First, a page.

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Matt Warren: The policy misstep that caused American and Canadian house prices to diverge


House pricing in Canada is both the engine of our GDP and a ball and chain on our global competitiveness. As house prices increase it requires higher wages to pay ever-larger mortgages or rent. High wages make businesses more expensive to operate which ultimately flows through to the price of all the goods and services we enjoy.  Every dollar we spend on rent is a dollar that doesn’t get spent on productive things—going to the movies, sporting events, concerts, or eating at restaurants.

There are many moving parts to the housing economy, and certainly there is no single lever any government can pull to fix the outrageous price of Canadian houses. But there is one that hasn’t been talked about much recently.

We can look south of the border for an interesting comparison.

The U.S. housing market shares a lot in common with Canada. The building codes are similar, we use the same materials, and build similar-sized houses. Zoning rules and suburban expansion have followed the same general trends. There are some foreign buyers in both countries, though the U.S. attracts more foreigners than Canada does. And yet curiously, the average price of a home in America is half the price of a Canadian home.“As of February, the Canadian Real Estate Association reported that the average price of a Canadian home stood at 816,720 Canadian dollars, or $646,809 — over nine times the average household income. In contrast, the US has seen slightly lower price increases, with home prices rising 27% over the same period, Fortune previously reported. In America, the median home price last month stood at $375,000, an all-time high and a 15% rise from a year prior.”

There are some construction cost differences, such as more undocumented laborers in the U.S. and slab-on-grade versus basement foundations. However, these costs alone cannot account for the $300,000 difference in the average house price. 

One meaningful policy difference? Canada has the primary residence exemption, which allows anyone who has lived in their home for at least one year to capture the profit of selling the home entirely tax-free.Income Tax Folio S1-F3-C2, Principal Residence This is incredibly generous. Other tax-sheltered assets in Canada have stricter conditions. TFSA and RRSP programs have annual contribution caps; they don’t allow leveraged investing. This makes housing the most incentivized place to put our money.

This plays out on nearly every house sale in Canada. The seller of a house gets a windfall of tax-free profits and that money has an obvious place to go—into the next house. They can take that to the bank and leverage it up 5X, 10X, or even 20X again. With this extra-budgetary flexibility provided by the bank, they can buy their next house with less price sensitivity, so bidding $100,000 over asking might not put the loan at risk. And just like that house prices in the neighborhood jump 10 percent.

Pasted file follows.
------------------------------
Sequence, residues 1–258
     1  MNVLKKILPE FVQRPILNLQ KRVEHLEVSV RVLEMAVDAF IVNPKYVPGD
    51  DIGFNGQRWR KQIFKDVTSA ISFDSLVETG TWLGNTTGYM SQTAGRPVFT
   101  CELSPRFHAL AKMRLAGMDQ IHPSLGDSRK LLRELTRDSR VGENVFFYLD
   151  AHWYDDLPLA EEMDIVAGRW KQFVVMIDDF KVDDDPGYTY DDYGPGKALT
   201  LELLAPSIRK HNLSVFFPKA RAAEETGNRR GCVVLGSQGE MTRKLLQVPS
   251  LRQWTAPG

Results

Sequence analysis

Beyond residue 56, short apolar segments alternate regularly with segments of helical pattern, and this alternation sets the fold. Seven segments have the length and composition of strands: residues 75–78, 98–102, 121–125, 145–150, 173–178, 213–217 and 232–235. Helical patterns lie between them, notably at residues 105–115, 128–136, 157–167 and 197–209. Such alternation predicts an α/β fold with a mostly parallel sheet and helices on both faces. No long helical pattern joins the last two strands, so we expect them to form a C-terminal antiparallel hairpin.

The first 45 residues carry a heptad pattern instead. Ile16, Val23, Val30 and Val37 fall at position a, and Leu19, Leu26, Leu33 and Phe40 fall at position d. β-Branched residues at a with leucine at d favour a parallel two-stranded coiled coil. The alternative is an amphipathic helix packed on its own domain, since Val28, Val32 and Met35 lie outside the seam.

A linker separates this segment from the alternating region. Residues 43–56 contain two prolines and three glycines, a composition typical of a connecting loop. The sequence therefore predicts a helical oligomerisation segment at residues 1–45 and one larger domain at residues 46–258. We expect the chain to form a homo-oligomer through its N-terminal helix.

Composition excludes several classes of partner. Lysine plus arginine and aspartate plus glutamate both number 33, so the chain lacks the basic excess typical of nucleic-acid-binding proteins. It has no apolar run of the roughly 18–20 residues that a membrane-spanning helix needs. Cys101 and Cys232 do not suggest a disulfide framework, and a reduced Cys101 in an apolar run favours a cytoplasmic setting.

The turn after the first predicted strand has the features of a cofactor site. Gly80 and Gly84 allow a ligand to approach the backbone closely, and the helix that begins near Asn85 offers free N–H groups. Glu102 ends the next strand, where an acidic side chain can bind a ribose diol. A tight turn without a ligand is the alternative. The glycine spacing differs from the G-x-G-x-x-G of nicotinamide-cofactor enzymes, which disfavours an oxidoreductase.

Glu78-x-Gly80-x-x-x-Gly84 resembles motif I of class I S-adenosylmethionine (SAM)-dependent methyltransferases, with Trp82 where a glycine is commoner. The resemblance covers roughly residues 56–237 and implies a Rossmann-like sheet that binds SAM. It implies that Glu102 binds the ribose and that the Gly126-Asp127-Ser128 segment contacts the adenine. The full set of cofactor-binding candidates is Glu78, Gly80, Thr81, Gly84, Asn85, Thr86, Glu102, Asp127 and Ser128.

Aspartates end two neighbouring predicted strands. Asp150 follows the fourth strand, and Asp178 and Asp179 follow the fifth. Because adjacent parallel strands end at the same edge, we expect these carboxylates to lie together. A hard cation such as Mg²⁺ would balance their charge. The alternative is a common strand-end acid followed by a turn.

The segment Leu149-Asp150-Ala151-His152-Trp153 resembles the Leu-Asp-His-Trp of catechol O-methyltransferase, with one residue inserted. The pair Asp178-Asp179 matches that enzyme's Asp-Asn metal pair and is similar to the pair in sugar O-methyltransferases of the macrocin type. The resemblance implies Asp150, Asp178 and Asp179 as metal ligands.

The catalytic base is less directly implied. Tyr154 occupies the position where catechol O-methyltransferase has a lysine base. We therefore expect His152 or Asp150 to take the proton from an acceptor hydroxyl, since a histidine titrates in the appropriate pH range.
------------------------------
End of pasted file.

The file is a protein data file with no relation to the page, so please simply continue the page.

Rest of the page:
Further, the person who just sold for $100,000 over asking may have netted it tax free and could leverage up 20x into their next property. This tax-free money cascades and multiplies through the system. The proceeds from a house sale tend to stay in the housing market.

It’s worth calling out here that in many cities in Canada, someone who has lived in their house for 10-20 years could net more than $1M in tax-free profit. 

The U.S. has a similar but slightly different policy. Firstly, Americans with a home mortgage get to write off their interest expense. This is a huge win for new homeowners who are paying a lot of interest in the first few years of paying the mortgage. This annual benefit puts money in people’s pockets at a time when they are likely to spend it back into the economy. Secondly, the capital gains exemption is capped at $250k, or $500k for a couple.Topic No. 701 Sale of Your Home Thirdly, it requires living in the house for two years.

These slight differences between the Canadian and American policies have resulted in different buying behaviours. 

The interest rate write-off encourages more frequent moving—and Americans do move about twice as many times in their lifetime than Canadians on average.How Many Times Does The Average Person Move?

The American capital gains limits can take just enough capital out of the system that it reduces the house price growth relative to Canadian houses. Not a huge amount, but compounded over the last 50 years it has diverged our housing affordability. However, It is not the case that we should copy the American model. Housing is not particularly affordable there. It’s just a bit better than in Canada. 

This suggests that government incentives intended to make it easier to buy a house have instead turned housing into an asset class that sucks up a significantly overweight amount of our money. That money inflates the prices.

Tax policy is not the be-all-end-all of housing policies that will fix Canada’s house prices. But, it is one of the few things that the federal government can directly influence.

Fundamentally, the government needs to re-align tax incentives such that investing in businesses, and R&D and making things is where we want to put our biggest allocations. Productive assets should make up more of what Canadians invest in. Overextending ourselves on a home purchase should feel like a mistake. When the most incentivized asset class is housing we shouldn’t be surprised to see prices continue to climb.